“99 Homes” is the “Training Day” of the real estate industry. A dramatic thriller set in 2010 Orlando, the film introduces us to Rick Carver (Michael Shannon), a ruthless broker at the scene of a suicide in a recently foreclosed-upon property. It’s just one of many pit-stops in a busy day of evicting people from their homes. Cleaning up by picking up Fannie/Freddie properties for a song while getting reimbursed by the government for stolen materials that he uses for renovations, we see that Carver is not only opportunistic, he’s a cut-throat crook. One of his foreclosures belongs to Dennis Nash (Andrew Garfield), a hard-working contractor who’s just lost his job due to the decline in new construction. Dennis lives with his mother (Laura Dern) and 12(ish)-year-old son Connor (Noah Lomax) in a cozy neighborhood, but as the film’s scope widens we see that the suburban sprawl is more like the Wild West for predators like Carver. Orlando was one of the hardest-hit cities, so it’s a fitting microcosm for the crisis.
But writer/director Ramin Bahrani (“At Any Price”) isn’t in it to teach an economics class (I highly recommend “The Big Short” for prep viewing). This raw, intelligent and emotional flick is all about the characters, and boasts two of the year’s best performances, courtesy of Garfield and Shannon. With nowhere to turn, Nash and family end up in a fleabag motel that resembles a foreclosure fallout shelter, an unsustainable living condition by most measures. But jobs are virtually nonexistent. Not afraid to get his hands dirty, Nash finds himself picking up construction work for the same heartless bastard that put him in his desperate spot. Carver sees potential in Nash–in part because he’ll wade into a river of shit to fix a septic malfunction when none of his dim-witted minions will, but mainly because of his ingenuity–thus taking him under his wing like Palpatine seducing Anakin Skywalker to the Dark Side. “When you work for me,” he growls, “you’re mine”.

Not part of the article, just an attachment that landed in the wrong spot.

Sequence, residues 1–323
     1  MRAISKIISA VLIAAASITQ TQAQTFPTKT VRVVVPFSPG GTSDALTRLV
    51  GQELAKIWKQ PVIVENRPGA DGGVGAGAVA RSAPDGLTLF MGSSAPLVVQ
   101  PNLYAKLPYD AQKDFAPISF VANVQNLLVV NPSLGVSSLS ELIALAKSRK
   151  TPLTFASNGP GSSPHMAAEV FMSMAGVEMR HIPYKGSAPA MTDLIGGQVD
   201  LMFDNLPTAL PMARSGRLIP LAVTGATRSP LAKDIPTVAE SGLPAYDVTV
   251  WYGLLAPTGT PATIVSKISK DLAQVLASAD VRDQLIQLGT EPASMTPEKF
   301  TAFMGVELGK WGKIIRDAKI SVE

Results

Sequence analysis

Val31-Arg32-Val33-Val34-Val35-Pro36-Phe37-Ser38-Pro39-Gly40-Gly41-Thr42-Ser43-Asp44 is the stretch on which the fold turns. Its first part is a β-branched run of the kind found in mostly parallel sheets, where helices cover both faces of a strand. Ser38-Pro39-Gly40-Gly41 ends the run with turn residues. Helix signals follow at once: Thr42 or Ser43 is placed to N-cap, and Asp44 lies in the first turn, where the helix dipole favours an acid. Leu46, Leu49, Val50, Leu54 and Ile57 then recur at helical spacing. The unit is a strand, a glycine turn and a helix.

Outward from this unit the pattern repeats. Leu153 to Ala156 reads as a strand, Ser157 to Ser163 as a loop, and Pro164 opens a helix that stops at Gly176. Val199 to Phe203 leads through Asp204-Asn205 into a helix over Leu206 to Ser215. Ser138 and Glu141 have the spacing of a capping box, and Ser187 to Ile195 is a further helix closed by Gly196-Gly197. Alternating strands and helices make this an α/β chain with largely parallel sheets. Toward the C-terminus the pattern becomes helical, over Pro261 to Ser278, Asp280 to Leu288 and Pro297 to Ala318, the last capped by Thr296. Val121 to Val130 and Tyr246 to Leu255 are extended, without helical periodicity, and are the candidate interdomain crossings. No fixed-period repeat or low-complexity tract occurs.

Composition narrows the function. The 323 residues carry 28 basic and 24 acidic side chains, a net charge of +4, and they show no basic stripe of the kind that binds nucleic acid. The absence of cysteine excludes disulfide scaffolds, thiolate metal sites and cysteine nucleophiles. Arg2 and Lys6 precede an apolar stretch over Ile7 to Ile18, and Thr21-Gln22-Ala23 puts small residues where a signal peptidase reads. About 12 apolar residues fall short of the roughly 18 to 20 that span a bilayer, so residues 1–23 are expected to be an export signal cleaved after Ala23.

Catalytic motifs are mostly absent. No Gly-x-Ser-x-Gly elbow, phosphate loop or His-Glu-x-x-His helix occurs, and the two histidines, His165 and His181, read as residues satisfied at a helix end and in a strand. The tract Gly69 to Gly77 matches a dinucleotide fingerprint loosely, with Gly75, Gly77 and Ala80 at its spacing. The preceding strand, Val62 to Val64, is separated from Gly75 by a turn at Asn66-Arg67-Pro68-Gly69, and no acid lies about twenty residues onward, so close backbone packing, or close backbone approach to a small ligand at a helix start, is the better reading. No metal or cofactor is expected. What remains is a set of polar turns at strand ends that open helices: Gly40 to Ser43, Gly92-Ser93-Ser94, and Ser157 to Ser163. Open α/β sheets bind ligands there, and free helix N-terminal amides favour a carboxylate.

Sucked into Carver’s sketchy but lucrative enterprise, Nash becomes enticed by his lavish lifestyle, at first questioning Carver’s ethics, but eventually convincing himself that he’s doing right by his family. Quickly, Nash finds himself knocking on doors with the all-too-eager Sheriff’s department in tow, a dangerous task that justifies an open-carry gun permit (if that sounds far-fetched, Bahrani’s research says otherwise). But kicking people to the curb doesn’t come as naturally to him as it does Carver, particularly when he ends up at the home of one of his son’s classmates and father (Tim Guinee), who gets busted stealing water and electricity from one of Carver’s neighboring properties.
“99 Homes” (now in between its theatrical release and slated February 9th DVD/VOD availability) is one of the best films of the year, an intense and unsparing drama. Shannon is sensationally wicked as a businessman who will stop at nothing to expand his empire, though his character is not without depth. One particularly compelling speech gives some insight into his background, a sob story told by a sociopath. Garfield runs the gamut of emotions, from enraged and desperate to grateful to conflicted to morally compromised, and eventually regretful. The excellent script from Bahrani and Amir Naderi (from a story by Bahrani and Bahareh Azimi) is minimalist in composition but meaty in dialogue, perfect for the two leads as their dynamic shifts from predator/victim to employer/employee to criminal/accomplice. Not to mention Dern, who is ideal as a young single mom (also see last year’s “Wild”), and proves to be vital in re-calibrating her son’s moral compass when he loses his way. Don’t miss this one–it’s a riveting, thought-provoking picture.